Are there any benefits to running up hill exercise workouts? Many people avoid running up hills because it is such hard work, but that of course, is the crux of the problem.
Hill running as a sport is massive in it's own right (separate from athletics - you may also have heard it called Fell Running or Extreme running) and has many benefits.
Is there a technique involved? As with any exercise, always warm up first, with at least ten minutes of easy running, then choose an incline that takes you from 1 to 4 minutes to run up. The longer the distance you are training for, the longer your repeats should be (and vice versa).
Apart from the need for a good basic level of fitness, running up hills has three benefits that can help any runner :
- Mental Toughness :
Many runners avoid hills, they dread them. But if you embrace them, guess what? When you're in a race and a climb looms up ahead, you know this is an opportunity to make up time, pass a few people, kick-start your race.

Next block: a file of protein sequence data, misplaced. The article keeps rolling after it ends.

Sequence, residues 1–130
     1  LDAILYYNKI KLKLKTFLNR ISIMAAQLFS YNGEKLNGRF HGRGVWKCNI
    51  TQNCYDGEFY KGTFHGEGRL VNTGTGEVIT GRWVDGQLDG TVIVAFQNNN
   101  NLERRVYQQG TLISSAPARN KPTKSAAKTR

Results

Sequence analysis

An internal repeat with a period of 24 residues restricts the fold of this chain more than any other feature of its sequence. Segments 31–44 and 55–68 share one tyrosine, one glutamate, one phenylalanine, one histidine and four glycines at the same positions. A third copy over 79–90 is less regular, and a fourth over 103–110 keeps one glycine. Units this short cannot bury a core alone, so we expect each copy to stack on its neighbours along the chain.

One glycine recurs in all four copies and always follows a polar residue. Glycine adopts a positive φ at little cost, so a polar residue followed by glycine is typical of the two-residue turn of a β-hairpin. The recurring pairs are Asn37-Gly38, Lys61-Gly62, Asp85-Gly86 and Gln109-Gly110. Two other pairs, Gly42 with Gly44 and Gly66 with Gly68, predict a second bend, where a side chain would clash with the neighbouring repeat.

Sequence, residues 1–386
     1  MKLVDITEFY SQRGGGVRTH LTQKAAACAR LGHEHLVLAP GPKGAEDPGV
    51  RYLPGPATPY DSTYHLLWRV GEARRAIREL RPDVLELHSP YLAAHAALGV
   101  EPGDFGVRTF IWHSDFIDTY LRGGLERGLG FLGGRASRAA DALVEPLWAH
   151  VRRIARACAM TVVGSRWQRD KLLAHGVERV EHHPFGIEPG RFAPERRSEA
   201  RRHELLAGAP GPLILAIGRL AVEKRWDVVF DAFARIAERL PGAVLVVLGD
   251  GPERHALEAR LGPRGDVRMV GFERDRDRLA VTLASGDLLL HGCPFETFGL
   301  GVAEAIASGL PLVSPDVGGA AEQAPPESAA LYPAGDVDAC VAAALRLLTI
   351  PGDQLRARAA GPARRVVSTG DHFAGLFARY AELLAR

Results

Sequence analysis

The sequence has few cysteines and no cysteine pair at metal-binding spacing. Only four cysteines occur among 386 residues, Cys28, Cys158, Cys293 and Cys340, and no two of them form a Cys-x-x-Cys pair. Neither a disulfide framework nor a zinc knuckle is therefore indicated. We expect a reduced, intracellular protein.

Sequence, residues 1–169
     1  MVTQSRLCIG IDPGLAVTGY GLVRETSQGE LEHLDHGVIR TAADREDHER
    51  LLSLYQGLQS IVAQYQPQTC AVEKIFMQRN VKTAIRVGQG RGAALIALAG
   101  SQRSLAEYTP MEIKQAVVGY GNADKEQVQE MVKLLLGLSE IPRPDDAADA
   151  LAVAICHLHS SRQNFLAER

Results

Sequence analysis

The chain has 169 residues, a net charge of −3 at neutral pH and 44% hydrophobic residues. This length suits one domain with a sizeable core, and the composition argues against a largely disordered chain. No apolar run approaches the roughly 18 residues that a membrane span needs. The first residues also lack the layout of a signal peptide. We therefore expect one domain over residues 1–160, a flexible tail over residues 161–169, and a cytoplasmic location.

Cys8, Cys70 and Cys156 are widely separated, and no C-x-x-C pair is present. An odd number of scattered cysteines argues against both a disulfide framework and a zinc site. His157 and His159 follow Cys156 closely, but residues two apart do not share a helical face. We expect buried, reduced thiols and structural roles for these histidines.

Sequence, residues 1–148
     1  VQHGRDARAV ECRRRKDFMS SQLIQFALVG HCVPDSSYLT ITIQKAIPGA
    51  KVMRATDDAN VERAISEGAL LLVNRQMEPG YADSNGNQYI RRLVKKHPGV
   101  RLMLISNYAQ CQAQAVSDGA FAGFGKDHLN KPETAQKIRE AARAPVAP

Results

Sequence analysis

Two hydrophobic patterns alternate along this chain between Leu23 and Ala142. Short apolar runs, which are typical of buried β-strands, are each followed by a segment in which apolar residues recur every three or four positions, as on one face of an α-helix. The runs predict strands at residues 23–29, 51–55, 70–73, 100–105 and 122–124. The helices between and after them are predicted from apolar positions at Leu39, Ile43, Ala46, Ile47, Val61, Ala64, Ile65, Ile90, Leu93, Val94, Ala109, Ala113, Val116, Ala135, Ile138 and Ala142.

- Stronger Push-Off :
Performed regularly, this will strengthen your ankles. This means that you can push off the ground more powerfully with each stride, propelling you further forward with each stride.
- Flexible Hips:
Stride length is a key factor in running speed - quite simply, the further each stride takes you, the fewer strides you have to take, and the faster you'll run. When you run up an incline, you lift your knees higher, which increases hip flexibility and thus stride length.
Running up an incline requires a slightly different stride to normal - lean forward slightly, pump your arms, and aim to maintain a good pace all the way to the top. Slowly jog back down after each repeat. Start with a couple of repeats, and aim to add one per week to a maximum of 8 repeats.
This is a tough workout, so once a week is plenty.